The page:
What’s the difference between a lifetime mortgage and a retirement interest-only mortgage?

There are several key differences between retirement interest-only mortgages and lifetime mortgages. These include:

When you take out a retirement interest-only mortgage, you make monthly payments to pay the interest you owe. If you don’t keep up with your monthly interest repayments on an RIO mortgage, there is still the risk of repossession, in the same way there would be with a standard mortgage.

With a lifetime mortgage, however, you don’t have to make any monthly payments. Instead, the interest you owe builds up over time and is paid back, along with the capital sum you owe, when you move into long-term care or die. As previously mentioned, some equity release plans allow you to make repayments if you want to, to help reduce the amount of interest that’s payable when the property is sold.

The amount you’ll end up owing

As you don’t usually repay any of the interest with a lifetime mortgage, and this interest is compounded, it can build up to significant sums over time.
With a retirement interest-only mortgage, you’ll make interest payments indefinitely, so when you die or move out and your loan has to be repaid, there will be less to pay than if you’d opted for a lifetime mortgage. This means you may have more left in your estate for your heirs.

Affordability assessments

When you apply for a retirement interest-only mortgage, your lender will require you to undergo an ‘affordability assessment’ to check that you’ll be able to afford your monthly interest payments. You’ll still need to pass their particular criteria to be accepted for one of these deals, so depending on your circumstances, a retirement interest-only mortgage may not be an option.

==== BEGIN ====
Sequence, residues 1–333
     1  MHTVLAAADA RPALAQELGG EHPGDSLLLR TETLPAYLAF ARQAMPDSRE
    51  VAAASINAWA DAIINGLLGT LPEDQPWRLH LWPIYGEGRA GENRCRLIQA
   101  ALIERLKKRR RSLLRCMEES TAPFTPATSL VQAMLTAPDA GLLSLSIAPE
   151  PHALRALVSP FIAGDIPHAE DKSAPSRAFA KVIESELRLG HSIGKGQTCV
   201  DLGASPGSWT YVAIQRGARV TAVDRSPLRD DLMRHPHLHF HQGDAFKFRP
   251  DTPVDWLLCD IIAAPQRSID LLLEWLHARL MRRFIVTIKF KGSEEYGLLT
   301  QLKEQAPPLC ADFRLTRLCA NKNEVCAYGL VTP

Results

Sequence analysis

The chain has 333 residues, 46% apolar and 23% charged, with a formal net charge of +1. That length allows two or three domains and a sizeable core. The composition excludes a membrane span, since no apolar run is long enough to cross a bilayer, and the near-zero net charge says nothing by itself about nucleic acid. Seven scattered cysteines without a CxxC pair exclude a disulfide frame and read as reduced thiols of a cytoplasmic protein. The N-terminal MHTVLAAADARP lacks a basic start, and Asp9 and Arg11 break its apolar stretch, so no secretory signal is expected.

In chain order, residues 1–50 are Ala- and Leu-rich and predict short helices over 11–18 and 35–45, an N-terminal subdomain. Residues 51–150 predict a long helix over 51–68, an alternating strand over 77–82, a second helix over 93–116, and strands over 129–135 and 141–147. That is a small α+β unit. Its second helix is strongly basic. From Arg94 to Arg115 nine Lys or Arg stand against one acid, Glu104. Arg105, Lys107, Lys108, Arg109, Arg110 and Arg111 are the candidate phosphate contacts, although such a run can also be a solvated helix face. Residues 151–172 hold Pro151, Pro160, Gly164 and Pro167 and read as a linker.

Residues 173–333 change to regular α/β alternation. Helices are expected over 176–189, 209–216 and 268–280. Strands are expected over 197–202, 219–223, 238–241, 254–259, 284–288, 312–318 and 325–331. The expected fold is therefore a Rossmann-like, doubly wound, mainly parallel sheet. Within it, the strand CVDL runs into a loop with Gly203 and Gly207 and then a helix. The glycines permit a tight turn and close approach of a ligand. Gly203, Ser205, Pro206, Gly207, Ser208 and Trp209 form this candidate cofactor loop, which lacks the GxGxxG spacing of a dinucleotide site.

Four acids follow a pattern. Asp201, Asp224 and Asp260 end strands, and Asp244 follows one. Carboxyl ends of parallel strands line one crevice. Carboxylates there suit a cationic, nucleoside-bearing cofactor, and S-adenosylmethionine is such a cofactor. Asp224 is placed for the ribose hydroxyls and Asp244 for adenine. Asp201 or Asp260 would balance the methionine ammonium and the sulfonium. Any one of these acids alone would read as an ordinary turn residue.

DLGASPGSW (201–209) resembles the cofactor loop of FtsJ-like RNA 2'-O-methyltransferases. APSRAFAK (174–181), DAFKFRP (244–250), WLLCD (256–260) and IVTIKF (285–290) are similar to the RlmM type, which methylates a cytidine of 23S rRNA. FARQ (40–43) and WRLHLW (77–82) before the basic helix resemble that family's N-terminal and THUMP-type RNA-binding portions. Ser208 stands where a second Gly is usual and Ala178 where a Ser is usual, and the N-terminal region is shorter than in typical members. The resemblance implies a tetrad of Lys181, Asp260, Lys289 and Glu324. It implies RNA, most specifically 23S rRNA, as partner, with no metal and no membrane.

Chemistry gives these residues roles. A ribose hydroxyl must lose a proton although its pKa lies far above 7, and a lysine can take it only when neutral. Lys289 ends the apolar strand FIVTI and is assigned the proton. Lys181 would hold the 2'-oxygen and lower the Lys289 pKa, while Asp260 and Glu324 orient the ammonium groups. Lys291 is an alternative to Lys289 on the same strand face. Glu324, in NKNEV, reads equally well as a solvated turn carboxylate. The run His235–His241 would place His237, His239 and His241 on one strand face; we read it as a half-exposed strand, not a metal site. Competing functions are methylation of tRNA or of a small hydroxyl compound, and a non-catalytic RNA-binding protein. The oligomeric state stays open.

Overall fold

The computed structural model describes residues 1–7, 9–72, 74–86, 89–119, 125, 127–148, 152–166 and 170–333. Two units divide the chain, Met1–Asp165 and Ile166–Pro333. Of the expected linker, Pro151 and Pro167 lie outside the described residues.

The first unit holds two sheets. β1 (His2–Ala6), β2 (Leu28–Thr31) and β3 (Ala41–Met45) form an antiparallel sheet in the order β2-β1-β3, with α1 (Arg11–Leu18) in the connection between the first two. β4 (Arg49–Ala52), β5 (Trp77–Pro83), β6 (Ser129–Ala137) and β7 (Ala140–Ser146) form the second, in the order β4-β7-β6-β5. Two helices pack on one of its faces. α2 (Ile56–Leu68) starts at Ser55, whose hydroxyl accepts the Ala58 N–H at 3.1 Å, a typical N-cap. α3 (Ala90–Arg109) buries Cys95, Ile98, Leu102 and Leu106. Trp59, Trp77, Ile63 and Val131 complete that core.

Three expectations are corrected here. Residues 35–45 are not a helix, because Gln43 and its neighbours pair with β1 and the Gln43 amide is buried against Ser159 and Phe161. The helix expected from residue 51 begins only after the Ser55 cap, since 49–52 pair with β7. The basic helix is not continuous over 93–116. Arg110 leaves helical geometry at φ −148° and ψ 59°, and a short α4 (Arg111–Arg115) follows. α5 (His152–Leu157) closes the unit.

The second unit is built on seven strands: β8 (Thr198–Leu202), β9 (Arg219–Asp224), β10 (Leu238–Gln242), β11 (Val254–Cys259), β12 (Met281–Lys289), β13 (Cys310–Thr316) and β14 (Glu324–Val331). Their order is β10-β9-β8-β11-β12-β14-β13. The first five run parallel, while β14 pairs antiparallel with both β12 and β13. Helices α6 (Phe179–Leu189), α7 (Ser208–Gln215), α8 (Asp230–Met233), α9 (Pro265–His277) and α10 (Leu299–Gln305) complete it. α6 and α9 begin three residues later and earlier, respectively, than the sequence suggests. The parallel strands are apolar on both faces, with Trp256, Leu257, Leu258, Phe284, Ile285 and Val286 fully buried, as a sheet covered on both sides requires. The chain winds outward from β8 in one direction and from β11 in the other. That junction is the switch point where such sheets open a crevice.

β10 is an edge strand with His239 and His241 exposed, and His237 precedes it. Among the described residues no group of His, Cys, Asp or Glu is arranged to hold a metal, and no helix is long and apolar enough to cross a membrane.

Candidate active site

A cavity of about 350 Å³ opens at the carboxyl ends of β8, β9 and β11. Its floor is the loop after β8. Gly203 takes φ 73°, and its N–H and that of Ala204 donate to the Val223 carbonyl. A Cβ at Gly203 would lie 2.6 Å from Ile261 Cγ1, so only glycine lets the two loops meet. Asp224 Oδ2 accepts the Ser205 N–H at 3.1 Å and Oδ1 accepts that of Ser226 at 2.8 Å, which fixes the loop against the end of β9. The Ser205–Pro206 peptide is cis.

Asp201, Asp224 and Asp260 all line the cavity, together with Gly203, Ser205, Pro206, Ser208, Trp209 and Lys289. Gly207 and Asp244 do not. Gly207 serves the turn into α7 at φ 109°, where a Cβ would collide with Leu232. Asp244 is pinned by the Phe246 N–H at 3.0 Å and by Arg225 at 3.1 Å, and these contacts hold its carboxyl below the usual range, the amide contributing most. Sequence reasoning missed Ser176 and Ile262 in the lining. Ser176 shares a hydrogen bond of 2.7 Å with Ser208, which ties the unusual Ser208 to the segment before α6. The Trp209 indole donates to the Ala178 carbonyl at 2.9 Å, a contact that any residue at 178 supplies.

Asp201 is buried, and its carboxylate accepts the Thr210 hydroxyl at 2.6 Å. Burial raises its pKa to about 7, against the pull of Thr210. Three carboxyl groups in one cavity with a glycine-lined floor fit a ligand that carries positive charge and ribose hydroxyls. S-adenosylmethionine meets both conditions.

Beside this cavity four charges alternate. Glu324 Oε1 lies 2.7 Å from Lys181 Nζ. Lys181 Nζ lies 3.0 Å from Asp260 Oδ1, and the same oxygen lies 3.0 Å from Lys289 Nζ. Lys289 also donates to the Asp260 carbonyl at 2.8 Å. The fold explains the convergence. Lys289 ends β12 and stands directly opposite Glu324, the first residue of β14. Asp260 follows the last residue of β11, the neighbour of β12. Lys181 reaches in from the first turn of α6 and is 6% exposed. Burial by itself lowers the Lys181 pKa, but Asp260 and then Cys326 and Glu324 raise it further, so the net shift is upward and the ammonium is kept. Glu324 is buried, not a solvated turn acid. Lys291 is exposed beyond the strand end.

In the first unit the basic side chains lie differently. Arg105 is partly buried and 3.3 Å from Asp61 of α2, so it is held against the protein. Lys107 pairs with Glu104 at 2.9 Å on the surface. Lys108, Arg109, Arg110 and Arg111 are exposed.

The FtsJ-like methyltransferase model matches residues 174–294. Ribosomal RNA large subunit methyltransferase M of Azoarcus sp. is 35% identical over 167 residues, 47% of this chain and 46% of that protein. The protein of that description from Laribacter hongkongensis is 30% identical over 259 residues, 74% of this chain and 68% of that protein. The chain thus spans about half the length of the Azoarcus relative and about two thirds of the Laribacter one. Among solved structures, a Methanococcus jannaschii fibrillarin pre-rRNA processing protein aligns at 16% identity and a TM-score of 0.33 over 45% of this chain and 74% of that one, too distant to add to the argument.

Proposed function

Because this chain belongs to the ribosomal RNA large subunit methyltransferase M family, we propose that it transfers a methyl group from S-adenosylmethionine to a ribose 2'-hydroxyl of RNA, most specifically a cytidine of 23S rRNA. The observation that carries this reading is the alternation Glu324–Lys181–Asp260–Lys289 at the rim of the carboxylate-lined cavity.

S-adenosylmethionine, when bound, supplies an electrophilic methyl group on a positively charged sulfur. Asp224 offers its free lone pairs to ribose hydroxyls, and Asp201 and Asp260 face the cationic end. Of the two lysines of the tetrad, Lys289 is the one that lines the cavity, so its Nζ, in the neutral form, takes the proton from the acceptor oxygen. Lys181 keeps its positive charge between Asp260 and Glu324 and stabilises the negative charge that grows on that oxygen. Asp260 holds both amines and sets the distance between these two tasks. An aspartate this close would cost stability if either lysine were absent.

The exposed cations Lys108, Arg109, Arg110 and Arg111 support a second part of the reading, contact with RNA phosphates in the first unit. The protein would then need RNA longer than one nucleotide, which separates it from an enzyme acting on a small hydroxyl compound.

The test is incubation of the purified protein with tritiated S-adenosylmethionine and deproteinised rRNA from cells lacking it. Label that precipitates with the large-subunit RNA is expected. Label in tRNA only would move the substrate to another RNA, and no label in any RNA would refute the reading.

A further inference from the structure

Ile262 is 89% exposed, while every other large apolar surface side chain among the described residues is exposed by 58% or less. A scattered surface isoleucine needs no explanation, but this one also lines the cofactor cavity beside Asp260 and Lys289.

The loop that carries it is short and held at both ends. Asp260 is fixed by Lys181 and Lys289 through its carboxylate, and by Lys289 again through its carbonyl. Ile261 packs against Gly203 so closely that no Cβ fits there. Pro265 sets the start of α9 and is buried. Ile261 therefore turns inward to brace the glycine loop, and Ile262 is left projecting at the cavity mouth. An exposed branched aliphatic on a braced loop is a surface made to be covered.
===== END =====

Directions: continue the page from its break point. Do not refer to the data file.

An affordability assessment isn’t required if you apply for a lifetime mortgage, though, as you won’t have to pay anything back until the property is sold.

A lifetime mortgage, along with other equity release products, are high risk and won’t be right for everyone. As a result, current rules from the financial services regulator the Financial Conduct Authority (FCA) require you to speak to a qualified financial advisor before you are able to take out an equity release product to ensure that it is suitable for your circumstances. This is to ensure that you fully understand the long term implications of taking out an equity release product. An adviser will also be able to tell you how much your lifetime mortgage is likely to cost. You can also use our lifetime mortgage calculator to give you a rough guide to the sorts of costs you might face.

It’s also a good idea to speak to a broker about retirement interest-only mortgages too, although unlike with a lifetime mortgage it’s not a requirement that you do. Bear in mind that not all brokers who advise on this type of mortgage are professionally qualified to advise customers on equity release options. This means that they might not be able to compare equity release and RIO mortgages to help you decide which is right for you.

Author: wpadmin

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